A new psychological study has found that 25% of “company high-flyers” may actually be psychopaths, able to move up in the business through charm and “business language.” These findings are fascinating and also may help me conclude my own year-long experiment in which I’ve tried to come up with a headline that will get posted on more cubicle walls than a Dilbert comic. Take that, Scott Adams.
From the Daily Mail:
“[New York psychologist Paul Babiak] designed a 111-point questionnaire with the University of British Columbia’s Prof Bob Hare – the world’s pre-eminent expert in psychopathy and a regular adviser to the FBI – to determine how many industry bosses were psychopaths.
They found that nearly 4 per cent of bosses fitted the profile, compared with 1 per cent among the general population.
Dr Babiak said: ‘These were all individuals who were at the top of an organisation – vice-presidents, directors, CEOs – so it was actually quite a shock.’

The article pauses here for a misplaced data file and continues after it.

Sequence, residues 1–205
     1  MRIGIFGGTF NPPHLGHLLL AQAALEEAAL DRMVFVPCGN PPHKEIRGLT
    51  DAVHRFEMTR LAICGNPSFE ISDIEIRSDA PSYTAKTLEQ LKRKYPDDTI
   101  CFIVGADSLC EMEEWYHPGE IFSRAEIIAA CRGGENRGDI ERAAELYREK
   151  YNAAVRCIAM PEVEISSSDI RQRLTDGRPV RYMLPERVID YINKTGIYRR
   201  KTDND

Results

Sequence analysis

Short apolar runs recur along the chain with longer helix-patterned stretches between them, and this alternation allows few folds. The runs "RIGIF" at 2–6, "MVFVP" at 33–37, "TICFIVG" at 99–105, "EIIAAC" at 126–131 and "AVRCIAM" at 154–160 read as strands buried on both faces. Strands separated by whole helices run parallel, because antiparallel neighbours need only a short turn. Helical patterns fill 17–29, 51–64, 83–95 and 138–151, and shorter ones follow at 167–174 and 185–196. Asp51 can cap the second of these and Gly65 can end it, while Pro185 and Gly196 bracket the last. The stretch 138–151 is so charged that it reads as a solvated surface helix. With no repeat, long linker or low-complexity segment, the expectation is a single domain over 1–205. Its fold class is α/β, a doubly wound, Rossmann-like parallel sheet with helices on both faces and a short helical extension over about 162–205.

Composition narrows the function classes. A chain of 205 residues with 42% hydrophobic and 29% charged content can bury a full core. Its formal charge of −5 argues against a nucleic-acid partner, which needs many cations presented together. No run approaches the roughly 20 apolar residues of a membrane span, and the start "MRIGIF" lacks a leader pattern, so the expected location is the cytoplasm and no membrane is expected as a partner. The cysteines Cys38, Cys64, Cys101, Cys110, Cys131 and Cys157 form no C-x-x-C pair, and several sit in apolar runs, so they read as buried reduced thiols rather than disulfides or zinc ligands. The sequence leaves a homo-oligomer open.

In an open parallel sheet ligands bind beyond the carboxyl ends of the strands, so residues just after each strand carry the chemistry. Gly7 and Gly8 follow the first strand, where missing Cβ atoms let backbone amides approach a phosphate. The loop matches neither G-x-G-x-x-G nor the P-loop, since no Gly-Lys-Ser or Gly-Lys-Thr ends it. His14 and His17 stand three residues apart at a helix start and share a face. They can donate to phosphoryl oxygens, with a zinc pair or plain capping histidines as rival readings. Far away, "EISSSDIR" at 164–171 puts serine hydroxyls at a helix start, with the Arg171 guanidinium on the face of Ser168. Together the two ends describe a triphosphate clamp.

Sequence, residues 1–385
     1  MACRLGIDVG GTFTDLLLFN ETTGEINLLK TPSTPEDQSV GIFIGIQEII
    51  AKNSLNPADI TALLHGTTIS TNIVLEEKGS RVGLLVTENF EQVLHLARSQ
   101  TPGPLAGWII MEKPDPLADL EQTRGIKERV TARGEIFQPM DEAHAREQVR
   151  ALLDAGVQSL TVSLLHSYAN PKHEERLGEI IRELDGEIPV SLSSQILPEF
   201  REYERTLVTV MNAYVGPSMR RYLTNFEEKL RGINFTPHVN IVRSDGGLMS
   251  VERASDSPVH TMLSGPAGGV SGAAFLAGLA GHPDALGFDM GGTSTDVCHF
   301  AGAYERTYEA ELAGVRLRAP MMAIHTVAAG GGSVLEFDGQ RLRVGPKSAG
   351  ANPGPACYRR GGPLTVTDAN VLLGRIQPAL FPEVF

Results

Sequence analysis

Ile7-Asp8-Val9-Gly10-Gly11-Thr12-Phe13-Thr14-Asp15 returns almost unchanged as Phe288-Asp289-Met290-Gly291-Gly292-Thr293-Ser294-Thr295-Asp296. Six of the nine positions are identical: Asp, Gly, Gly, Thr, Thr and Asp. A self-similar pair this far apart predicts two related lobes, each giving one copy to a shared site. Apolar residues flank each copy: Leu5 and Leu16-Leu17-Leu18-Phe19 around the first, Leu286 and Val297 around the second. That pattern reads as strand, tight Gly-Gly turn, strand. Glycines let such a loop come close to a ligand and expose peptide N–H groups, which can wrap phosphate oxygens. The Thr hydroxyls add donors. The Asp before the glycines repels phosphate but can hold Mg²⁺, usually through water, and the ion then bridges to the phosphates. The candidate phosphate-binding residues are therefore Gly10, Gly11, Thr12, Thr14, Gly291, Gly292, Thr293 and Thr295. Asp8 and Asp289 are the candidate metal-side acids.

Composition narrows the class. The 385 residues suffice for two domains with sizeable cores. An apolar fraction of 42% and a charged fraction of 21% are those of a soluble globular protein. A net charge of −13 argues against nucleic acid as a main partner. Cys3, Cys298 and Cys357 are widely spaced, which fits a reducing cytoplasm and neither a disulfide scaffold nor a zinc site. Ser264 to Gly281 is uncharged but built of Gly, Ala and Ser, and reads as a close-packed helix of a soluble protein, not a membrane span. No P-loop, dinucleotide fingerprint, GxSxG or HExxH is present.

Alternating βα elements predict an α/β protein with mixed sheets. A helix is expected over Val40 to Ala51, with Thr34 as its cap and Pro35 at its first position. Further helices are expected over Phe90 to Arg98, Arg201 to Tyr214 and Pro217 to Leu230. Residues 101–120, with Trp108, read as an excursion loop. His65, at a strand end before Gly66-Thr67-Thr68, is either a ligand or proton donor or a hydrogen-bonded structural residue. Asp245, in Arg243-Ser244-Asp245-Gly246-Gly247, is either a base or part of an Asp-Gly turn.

The results revealed that psychopaths were actually poor managerial performers but were adept at climbing the corporate ladder because they could cover up their weaknesses by subtly charming superiors and subordinates.”
So, why aren’t more of the world’s office supply closets filling up with bloody intern corpses? Well, unlike the Hollywood definition of “psychopath,” these doctors merely mean someone with “a profound lack of empathy, a general callousness towards other people.” AKA the perfect person to ask you to work this weekend. This leads to what the study dubs a “successful psychopath,” a person who can mask these traits and use them to their advantage.
The most interesting part of this idea is that the doctors claim that the things we tend to look for in a leader are actually the same things that set aside psychopaths.
Think about that. I know, for me, that statement just answered ever single question I’ve ever had about American politics.
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